Press release: "EU trade with Brazil promotes climate change and violates human rights"
No. 66 - 25.04.2019
Researchers at the University of Göttingen sign the call for sustainable trade
More than 600 scientists, from every country in the EU, and 300 Brazilian indigenous groups have joined forces to highlight the destruction of the environment and human rights violations promoted by trade with Brazil. Seventeen researchers from the University of Göttingen have joined the call for sustainable action, which was published in the journal Science.
For some time now, the transformation of the Brazilian rainforest has led to violent conflicts with the indigenous populations living there. According to the authors, however, violence has recently increased dramatically and at least nine people have died as a result of these conflicts in the last few months alone. In addition, enormous quantities of carbon dioxide would have been released and numerous species made extinct.
"The EU is the world market leader in the import of goods resulting from deforestation," says Professor Teja Tscharntke, Head of the Department of Agricultural Ecology at the University of Göttingen and co-signatory of the report. "EU trade with Brazil promotes climate change and violates human rights.” The imports alone between 1990 and 2008 represent a loss of forest corresponding to an area the size of Portugal. The authors criticise that the EU imported animal feed worth more than two billion euros in 2017 without knowing or caring whether the production area came from destroyed rainforests or from conflicts with indigenous groups. Brazilian rainforest disappeared at a rate of more than one football pitch every hour between 2005 and 2013.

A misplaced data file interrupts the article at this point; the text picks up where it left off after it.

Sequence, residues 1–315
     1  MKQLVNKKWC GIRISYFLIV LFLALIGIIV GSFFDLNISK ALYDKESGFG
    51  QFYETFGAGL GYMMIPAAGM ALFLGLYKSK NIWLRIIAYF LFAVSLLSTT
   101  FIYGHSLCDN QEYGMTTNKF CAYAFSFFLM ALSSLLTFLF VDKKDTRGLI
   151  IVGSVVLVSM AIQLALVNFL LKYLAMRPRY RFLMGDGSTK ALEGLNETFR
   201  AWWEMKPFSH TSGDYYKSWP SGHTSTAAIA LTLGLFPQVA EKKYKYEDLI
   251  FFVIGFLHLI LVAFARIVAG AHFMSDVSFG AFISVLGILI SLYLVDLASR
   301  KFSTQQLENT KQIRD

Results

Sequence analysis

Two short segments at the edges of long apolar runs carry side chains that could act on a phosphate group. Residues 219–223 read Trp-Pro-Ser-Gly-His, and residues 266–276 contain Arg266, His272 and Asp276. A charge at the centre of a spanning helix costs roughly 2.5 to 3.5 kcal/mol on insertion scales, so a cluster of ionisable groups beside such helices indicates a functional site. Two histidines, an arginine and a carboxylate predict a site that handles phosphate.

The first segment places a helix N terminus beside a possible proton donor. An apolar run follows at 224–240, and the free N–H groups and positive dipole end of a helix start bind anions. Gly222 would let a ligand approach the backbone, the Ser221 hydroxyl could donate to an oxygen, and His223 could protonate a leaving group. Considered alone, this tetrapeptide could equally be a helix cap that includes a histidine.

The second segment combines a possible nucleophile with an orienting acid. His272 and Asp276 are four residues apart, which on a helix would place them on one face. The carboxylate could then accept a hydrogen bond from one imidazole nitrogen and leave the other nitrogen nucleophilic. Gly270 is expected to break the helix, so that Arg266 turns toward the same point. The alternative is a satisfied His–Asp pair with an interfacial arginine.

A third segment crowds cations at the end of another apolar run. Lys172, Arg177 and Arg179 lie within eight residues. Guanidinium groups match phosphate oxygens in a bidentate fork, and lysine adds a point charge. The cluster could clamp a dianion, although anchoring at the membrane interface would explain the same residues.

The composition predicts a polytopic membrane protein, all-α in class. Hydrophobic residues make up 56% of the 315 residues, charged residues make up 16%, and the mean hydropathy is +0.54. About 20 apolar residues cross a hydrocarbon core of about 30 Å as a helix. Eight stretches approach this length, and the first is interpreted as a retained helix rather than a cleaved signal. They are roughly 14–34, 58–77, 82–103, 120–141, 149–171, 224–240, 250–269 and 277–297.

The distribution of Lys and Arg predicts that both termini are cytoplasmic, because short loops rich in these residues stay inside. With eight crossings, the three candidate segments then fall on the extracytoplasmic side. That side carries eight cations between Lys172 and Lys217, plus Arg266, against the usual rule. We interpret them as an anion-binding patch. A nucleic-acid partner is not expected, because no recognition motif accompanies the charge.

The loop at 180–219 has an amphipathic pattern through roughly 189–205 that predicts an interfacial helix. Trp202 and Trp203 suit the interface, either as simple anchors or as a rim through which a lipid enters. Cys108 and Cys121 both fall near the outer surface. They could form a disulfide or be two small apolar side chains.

Brazil is the EU's second largest trading partner, and the authors argue that the EU should show responsibility for sustainable trade and stick to their objectives for human rights, environmental protection and climate change more seriously. It is important for the EU to define criteria for sustainable trade in cooperation with key stakeholders, in particular indigenous groups in Brazil. Sônia Guajajara, spokesperson for more than 300 Brazilian indigenous groups, says: "Europe and other markets in the world must learn to use their power as consumers."
"We want to prevent the EU from supporting deforestation through its imports and instead become the world market leader in sustainable trade," says lead author Dr Laura Kehoe, postdoctoral fellow at Oxford University. "We protect forests and human rights at home, so why do we follow different rules when it comes to imports?”
Original publication: Dr. Laura Kehoe et al. Indigenous groups and scientists call for strict EU trade policy with Brazil. Science (2019). DOI: http://science.sciencemag.org/cgi/doi/10.1126/science.aaw8276
Professor Teja Tscharntke
University of Göttingen
Faculty of Agricultural Sciences
Department of Crop Sciences – Agroecology Group
Grisebachstraße 6, 37077 Göttingen